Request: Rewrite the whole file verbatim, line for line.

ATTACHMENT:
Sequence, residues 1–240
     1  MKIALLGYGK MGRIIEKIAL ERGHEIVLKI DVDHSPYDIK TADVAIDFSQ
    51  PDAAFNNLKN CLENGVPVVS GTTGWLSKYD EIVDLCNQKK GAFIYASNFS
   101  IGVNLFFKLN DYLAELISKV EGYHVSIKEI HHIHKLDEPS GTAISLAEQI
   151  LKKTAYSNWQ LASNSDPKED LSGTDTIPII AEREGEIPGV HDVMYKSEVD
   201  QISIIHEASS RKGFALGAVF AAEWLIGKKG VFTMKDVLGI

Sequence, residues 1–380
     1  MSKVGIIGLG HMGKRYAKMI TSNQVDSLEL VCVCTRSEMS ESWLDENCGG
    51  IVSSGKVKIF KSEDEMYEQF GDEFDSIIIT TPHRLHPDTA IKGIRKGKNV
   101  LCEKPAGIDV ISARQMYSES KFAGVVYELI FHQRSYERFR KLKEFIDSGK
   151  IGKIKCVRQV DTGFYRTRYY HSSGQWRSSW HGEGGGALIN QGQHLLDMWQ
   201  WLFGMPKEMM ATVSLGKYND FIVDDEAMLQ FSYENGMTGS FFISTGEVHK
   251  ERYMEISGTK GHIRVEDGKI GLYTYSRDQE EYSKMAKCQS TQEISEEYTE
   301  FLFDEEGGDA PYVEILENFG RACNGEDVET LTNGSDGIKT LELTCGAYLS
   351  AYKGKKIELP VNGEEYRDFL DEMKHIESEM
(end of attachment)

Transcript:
Sequence, residues 1–240
     1  MKIALLGYGK MGRIIEKIAL ERGHEIVLKI DVDHSPYDIK TADVAIDFSQ
    51  PDAAFNNLKN CLENGVPVVS GTTGWLSKYD EIVDLCNQKK GAFIYASNFS
   101  IGVNLFFKLN DYLAELISKV EGYHVSIKEI HHIHKLDEPS GTAISLAEQI
   151  LKKTAYSNWQ LASNSDPKED LSGTDTIPII AEREGEIPGV HDVMYKSEVD
   201  QISIIHEASS RKGFALGAVF AAEWLIGKKG VFTMKDVLGI

Sequence, residues 1–380
     1  MSKVGIIGLG HMGKRYAKMI TSNQVDSLEL VCVCTRSEMS ESWLDENCGG
    51  IVSSGKVKIF KSEDEMYEQF GDEFDSIIIT TPHRLHPDTA IKGIRKGKNV
   101  LCEKPAGIDV ISARQMYSES KFAGVVYELI FHQRSYERFR KLKEFIDSGK
   151  IGKIKCVRQV DTGFYRTRYY HSSGQWRSSW HGEGGGALIN QGQHLLDMWQ
   201  WLFGMPKEMM ATVSLGKYND FIVDDEAMLQ FSYENGMTGS FFISTGEVHK
   251  ERYMEISGTK GHIRVEDGKI GLYTYSRDQE EYSKMAKCQS TQEISEEYTE
   301  FLFDEEGGDA PYVEILENFG RACNGEDVET LTNGSDGIKT LELTCGAYLS
   351  AYKGKKIELP VNGEEYRDFL DEMKHIESEM